With a fixed destination in mind you’ll want to have flexibility in your dates. Today’s booking example will be a family of 4 wanting to fly from Denver, CO to Honolulu, HI. Getting there with miles isn’t tough, but you will need a good amount of flexibility in your travel dates to do so.
For a family of 4 we’ll Start our search once school gets out–Late June, and continue it through the summer. We’ll assume a 7 day trip, and we will only want to visit the one island. To do so we need the following on our search screen:
Award tickets don’t have special pricing like paid tickets, so I’ve selected 4 adults instead of adding the kids separate. it isn’t too important to select the ages of kids so long as you’re going to ticket them (and you should always ticket all kids, even lap eligible infants).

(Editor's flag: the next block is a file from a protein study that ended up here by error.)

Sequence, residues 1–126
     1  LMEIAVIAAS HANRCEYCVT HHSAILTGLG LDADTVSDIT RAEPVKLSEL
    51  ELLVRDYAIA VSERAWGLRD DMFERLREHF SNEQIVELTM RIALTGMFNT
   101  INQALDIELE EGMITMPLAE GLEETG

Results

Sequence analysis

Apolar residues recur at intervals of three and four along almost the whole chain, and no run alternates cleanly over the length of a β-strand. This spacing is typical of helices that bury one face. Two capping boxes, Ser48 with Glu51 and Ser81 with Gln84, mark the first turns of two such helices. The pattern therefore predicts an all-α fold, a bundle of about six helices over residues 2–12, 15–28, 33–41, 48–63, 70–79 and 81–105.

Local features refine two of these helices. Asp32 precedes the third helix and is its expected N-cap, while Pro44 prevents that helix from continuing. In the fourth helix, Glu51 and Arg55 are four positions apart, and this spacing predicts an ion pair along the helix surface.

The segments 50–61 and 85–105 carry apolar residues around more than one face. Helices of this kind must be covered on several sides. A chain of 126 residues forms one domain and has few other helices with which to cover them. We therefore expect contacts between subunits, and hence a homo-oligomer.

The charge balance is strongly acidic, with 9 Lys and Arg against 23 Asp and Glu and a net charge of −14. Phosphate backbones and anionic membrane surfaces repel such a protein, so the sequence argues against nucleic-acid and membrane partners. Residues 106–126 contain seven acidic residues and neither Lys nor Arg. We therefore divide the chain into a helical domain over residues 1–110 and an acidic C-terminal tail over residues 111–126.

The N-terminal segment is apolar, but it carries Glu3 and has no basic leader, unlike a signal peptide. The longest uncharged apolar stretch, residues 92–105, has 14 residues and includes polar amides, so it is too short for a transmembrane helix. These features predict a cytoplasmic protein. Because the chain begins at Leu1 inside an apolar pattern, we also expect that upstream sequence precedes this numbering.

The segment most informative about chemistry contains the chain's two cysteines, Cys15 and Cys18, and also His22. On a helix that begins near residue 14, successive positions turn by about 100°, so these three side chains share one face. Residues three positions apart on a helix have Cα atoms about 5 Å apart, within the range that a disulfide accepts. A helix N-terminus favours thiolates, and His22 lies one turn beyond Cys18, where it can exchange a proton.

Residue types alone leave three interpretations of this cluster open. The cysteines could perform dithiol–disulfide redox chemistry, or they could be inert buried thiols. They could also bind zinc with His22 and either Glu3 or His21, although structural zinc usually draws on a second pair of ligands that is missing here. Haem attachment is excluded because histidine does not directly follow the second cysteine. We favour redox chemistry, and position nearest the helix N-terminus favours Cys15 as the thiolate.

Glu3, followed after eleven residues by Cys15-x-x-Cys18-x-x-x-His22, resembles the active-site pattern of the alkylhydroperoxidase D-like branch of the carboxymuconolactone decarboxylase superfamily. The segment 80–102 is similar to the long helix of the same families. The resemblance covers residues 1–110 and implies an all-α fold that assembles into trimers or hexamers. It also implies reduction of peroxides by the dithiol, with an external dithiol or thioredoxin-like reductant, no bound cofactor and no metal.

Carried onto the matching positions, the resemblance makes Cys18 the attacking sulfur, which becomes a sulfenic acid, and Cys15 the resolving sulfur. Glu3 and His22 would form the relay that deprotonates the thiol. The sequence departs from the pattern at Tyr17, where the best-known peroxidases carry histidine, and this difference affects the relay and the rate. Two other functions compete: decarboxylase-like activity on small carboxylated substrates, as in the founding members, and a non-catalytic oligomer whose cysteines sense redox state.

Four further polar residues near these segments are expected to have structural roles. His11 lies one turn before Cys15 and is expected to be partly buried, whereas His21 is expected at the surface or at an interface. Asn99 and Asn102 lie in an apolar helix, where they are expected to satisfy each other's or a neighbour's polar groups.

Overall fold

Looking at All Possible Dates
The First step with a search like this is to get a feel for which days have available flights to/from your destination. Think of this first search as a fact finding mission. We want to see what dates are available for our trip. For our above search these are the outbound flights from DEN-HNL:
As we can see there are no available dates in Late June, and the only July options are the 4th of July, the 12th of July (First class only) and the 19th of July. August has plenty of yellow (low level coach) days as well.
Before we can settle on a date to travel to Hawaii we really need to see the return dates before we can decide which outbound dates work. I selected any outbound flight on a day in July to then bring up the return flights in July/August: